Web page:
The terminology used herein is for the purpose of describing particular embodiments only and is not intended to be limiting of the invention. As used herein, the singular terms “a”, “an” and “the” are intended to include the plural forms as well, unless the context clearly indicates otherwise. It will be further understood that the terms “comprises,” “comprising,” “includes” and/or “including” when used in this specification, specify the presence of stated features, integers, steps, operations, elements, and/or components, but do not preclude the presence or addition of one or more other features, integers, steps, operations, elements, components, and/or groups thereof.

Example embodiments of the invention are described herein with reference to cross-section illustrations that are schematic illustrations of idealized embodiments (and intermediate structures) of the invention. As such, variations from the shapes of the illustrations as a result, for example, of manufacturing techniques and/or tolerances, may be expected. Thus, the disclosed example embodiments of the invention should not be construed as limited to the particular shapes of regions illustrated herein unless expressly so defined herein, but are to include deviations in shapes that result, for example, from manufacturing. For example, an implanted region illustrated as a rectangle will, typically, have rounded or curved features and/or a gradient of implant concentration at its edges rather than a binary change from implanted to non-implanted region. Likewise, a buried region formed by implantation may result in some implantation in the region between the buried region and the surface through which the implantation takes place. Thus, the regions illustrated in the figures are schematic in nature and their shapes are not intended to illustrate the actual shape of a region of a device and are not intended to limit the scope of the invention, unless expressly so defined herein.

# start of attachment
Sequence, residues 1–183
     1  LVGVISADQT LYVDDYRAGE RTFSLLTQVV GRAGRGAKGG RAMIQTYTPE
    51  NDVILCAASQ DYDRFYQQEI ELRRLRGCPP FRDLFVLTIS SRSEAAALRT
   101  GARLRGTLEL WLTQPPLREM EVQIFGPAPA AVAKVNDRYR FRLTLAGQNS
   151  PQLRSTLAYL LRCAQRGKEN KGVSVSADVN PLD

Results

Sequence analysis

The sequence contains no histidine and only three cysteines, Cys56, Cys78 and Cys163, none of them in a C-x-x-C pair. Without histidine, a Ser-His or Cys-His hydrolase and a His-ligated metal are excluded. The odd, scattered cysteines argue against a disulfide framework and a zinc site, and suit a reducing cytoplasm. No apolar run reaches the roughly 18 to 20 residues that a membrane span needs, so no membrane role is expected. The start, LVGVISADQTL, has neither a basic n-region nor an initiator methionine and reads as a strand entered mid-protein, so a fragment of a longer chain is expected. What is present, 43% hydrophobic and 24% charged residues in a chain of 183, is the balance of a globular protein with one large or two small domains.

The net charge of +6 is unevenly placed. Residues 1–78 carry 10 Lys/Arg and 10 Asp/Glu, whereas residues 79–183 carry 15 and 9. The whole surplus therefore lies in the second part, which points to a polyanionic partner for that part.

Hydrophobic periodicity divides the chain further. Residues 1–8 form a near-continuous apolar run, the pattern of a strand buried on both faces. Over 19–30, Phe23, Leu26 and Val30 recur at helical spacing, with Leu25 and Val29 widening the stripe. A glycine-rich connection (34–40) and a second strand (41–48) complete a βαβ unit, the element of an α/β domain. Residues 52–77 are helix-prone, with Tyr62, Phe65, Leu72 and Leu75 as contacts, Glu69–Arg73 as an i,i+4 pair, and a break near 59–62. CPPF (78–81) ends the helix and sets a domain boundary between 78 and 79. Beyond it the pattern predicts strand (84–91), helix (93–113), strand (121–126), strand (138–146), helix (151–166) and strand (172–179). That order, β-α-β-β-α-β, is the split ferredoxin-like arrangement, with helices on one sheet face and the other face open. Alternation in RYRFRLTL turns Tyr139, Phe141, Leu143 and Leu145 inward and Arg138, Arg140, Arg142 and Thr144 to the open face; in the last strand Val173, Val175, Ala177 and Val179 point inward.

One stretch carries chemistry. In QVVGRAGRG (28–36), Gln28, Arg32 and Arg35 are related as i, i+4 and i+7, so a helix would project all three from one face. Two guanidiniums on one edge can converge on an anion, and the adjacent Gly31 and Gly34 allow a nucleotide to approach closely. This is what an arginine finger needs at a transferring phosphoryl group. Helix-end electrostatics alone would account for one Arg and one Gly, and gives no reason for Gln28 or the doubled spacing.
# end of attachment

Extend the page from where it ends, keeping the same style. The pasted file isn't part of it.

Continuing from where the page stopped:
Unless otherwise defined, all terms (including technical and scientific terms) used herein have the same meaning as commonly understood by one of ordinary skill in the art to which this invention belongs. It will be further understood that terms, such as those defined in commonly used dictionaries, should be interpreted as having a meaning that is consistent with their meaning in the context of the relevant art and the present disclosure, and will not be interpreted in an idealized or overly formal sense unless expressly so defined herein.

Some embodiments of the present invention may arise from recognition that the same mask may be used to define a nitride stress management layer for NMOS devices, and to define source/drain implantation regions for PMOS devices. The number of masks may thereby be reduced. Moreover, some embodiments may arise from a recognition that nitrogen contamination of a nitride stress-generating layer during photoresist etching may be reduced or eliminated by providing a carbon-containing layer that can be etched simultaneously with etching the photoresist layer, while reducing or preventing nitrogen contamination on an underlying nitride stress-generating layer.